DOJ argues it should substitute for Trump as defendant in E. Jean Carroll lawsuit


“Then-President Trump’s response to Ms. Carroll’s serious allegations of sexual assault included statements that questioned her credibility in terms that were crude and disrespectful,” Justice Department lawyers wrote in a brief to the 2nd US Circuit Court of Appeals. “But this case does not concern whether Mr. Trump’s response was appropriate. Nor does it turn on the truthfulness of Ms. Carroll’s allegations.”

Rather, the lawyers wrote, because they believe Trump was an employee of the government and that he acted “within the scope of employment,” the department, rather than Trump personally, should serve as defendant in the case.

In submitting the brief Monday, the department continued the argument it has been making for months: that a president’s comments are an official function of his job, even if they pertain to a personal matter. Since it first took that position, however, Trump has been replaced by President Joe Biden, and while the brief the department filed included plenty of unkind words regarding the former President’s behavior, it will benefit Trump if it succeeds.

“Speaking to the public and the press on matters of public concern is undoubtedly part of an elected official’s job,” they wrote. “Courts have thus consistently and repeatedly held that allegedly defamatory statements made in that context are within the scope of elected officials’ employment — including when the statements were prompted by press inquiries about the official’s private life.”

The White House said it hadn’t been consulted by the Justice Department before the brief was filed.

“The White House was not consulted by DOJ on the decision to file this brief or its contents. While we are not going to comment on this ongoing litigation, the American people know well that President Biden and his team have utterly different standards from their predecessors for what qualify as acceptable statements,” White House deputy press secretary Andrew Bates said in a statement.

In October, a district judge rejected the Justice Department’s attempt to replace Trump in the lawsuit. If the department had been allowed to intervene in the case, that likely would have led to its dismissal, because the government cannot be sued for defamation.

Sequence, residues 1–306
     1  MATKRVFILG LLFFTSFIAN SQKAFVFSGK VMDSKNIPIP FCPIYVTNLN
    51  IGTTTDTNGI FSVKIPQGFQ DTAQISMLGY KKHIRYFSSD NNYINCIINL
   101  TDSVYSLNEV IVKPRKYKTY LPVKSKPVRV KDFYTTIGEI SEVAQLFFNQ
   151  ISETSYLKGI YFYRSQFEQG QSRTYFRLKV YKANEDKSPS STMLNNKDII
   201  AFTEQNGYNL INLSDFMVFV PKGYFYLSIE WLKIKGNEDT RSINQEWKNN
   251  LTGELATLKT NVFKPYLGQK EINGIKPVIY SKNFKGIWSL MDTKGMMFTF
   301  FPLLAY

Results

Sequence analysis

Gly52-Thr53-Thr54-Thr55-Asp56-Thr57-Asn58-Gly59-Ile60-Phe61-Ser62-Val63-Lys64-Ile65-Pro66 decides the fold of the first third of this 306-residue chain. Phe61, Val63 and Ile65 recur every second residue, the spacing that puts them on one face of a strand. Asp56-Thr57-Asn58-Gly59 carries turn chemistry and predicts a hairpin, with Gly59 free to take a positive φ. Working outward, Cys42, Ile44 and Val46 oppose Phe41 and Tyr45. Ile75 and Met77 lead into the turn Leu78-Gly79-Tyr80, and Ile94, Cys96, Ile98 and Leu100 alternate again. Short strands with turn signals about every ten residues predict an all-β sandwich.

Carroll’s lawsuit alleges that Trump defamed her when he denied raping her, said she wasn’t his type and claimed she had made the allegation to boost sales of her new book.

The Justice Department lawyers wrote Monday that when reporters had asked Trump about Carroll’s claims, “he acted within the scope of his office.”

“Officials do not step outside the bounds of their office simply because they are addressing questions regarding allegations about their personal lives,” they wrote.

They acknowledged that Trump “attacked her appearance, impugned her motives, and implied that she had made false accusations against others,” adding that such statements were “without question unnecessary and inappropriate.”

“But they all pertained to the denial of wrongdoing — which cannot be cleanly severed from the accompanying explanation here,” they continued. “The fact that the additional statements were, at minimum, inappropriate does not automatically take them outside the limits of the scope of employment.”

A lawyer for Trump, Marc Kasowitz, filed a separate brief making similar arguments and alleging that “there is a wide gulf between Carroll’s rhetoric and reality.”

“This is not a case where a President, without prompting, randomly targeted a private citizen,” Kasowitz wrote. “Rather, Carroll, a public figure, accused Trump of terrible misconduct twenty years earlier in a book and magazine article for which she sought maximum publicity. He denied her accusations in precisely the manner she expected. A short time later, she sued him for defamation. Carroll had no intention or expectation that this would be a private, personal dispute, and it was not.”

This story has been updated with a statement from the White House.



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